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Ireland's World Cup shocker
Kevin O'Brien's 50-ball century the other night at Bangalore sent not only the England bowlers and fielders, but also critics of minnow teams scurrying for cover. I must confess to being somewhat out of breath too, having argued at some length why the World Cup needs to be smarter and shorter by playing fewer teams.
However, I must emphasise my original position that this does not necessarily eliminate the so-called weak teams. If a two-tier structure is brought in place where the bottom two teams from the main tournament are relegated to the secondary one and vice versa, cricket will become more competitive and engaging. The ICC is moving towards a 10-nation tournament for 2015, but I am not sure what the qualification process will be.
But that's for the future. For the present, one can only marvel at the extraordinary innings from O'Brien which has raised the pitch of this tournament several notches higher. Ireland's victory was not just unexpected but also spectacular and will have sent some tremors in the Indian camp, compelling Dhoni and Co to concentrate on graver threats than the much-maligned UDRS.
Is O'Brien spent after his breathtaking effort or will this knock inspire him to do an encore? That remains to be seen, but his 113 against England will nevertheless rate as amongst the greatest innings in limited-overs cricket. His sheer gall at attempting the target, apart from the stupendous hitting, had everybody in thrall and I reckon will have given cricket in Ireland the big fillip it needs.
Ireland's stunning victory came in the wake of the sensational tie between India and England at the same venue a few days earlier and the suddenly the World Cup had been jolted into life. The fact that both these matches were played at Bangalore would suggest that the venue had a big role to play in these results, but that is only incidental to the more pertinent issue that even seemingly insurmountable scores are being overhauled in this tournament, even by lesser teams.
Indeed, 300-plus scores are becoming par for the course in this tournament which is an indication of how much bat is dominating ball. To a large extent, this is because scores in ODIs have swelled enormously since the early days, thanks to better bats, flat pitches, sometimes to smaller grounds, but mainly because the mindset of batsmen has changed dramatically.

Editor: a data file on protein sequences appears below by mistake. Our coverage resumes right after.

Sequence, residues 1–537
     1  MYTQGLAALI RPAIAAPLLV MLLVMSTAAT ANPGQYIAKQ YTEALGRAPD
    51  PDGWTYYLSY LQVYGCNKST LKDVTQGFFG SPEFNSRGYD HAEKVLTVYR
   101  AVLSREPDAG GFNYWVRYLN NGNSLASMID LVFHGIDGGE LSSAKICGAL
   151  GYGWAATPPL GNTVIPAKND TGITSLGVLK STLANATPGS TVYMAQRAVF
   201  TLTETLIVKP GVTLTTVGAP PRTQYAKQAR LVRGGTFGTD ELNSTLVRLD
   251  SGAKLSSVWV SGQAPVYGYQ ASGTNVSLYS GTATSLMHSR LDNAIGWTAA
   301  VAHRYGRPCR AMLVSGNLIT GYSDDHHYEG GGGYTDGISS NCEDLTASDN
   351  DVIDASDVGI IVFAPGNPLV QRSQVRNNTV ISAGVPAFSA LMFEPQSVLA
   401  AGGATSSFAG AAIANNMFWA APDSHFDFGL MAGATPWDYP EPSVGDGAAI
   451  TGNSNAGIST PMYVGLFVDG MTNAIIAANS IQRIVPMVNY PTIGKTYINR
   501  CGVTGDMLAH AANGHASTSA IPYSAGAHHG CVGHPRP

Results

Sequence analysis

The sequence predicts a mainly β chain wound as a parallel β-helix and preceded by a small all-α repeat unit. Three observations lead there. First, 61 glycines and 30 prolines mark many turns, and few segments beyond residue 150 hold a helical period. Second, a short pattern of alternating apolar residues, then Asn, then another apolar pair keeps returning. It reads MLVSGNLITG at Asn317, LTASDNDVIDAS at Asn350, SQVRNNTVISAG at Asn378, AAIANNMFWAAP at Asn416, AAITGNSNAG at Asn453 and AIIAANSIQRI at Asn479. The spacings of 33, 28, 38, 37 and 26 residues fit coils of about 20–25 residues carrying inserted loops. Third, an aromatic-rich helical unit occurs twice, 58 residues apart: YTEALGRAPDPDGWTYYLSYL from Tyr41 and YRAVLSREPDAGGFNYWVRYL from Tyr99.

The propensity for risk-taking has become infinitely greater because of rewards and brickbats have grown exponentially for winners and losers. The wholly idealistic Olympic belief that it was more important to participate than win, so much a part of cricket ethos, has been hit for a six. This has made the game more competitive, leading to a frequent raising of the bar.
It is also not entirely true that high scores have been the norm on the benign pitches of the sub-continent. To give an example of how scoring rates and totals have improved, there was just a single 300-plus score in the 1987 World Cup in the sub-continent; in this year's edition, there have been six in the first week itself.
Implicit in this 'progress', as it were, of batsmen is the increased hazard for bowlers. The margin of error, never ever big in this game, has become even thinner over the years. The restriction on bouncers has blunted their arsenal to a great degree, umpires have come stricter with wides.
With so many things loaded against them, they have been shown up to be the villains far more often than they may have deserved;and even more often when the bigger culprit may be something else. For instance, in the India-England tied game and England's shock defeat to Ireland, the bowlers got pilloried but not too much attention was given to the error-prone fielding.
Not only did this make the bowling look poorer than what it was (England dropped four catches against Ireland, India dropped one and conceded at least 20 runs through sluggish work) but also cost the team possible victory.
Neither India nor England, I'm afraid, will make great headway in the tournament if their fielding standards don't improve. In games over the week-end, both teams have the opportunity to show that they have learnt from their sins of the recent past.
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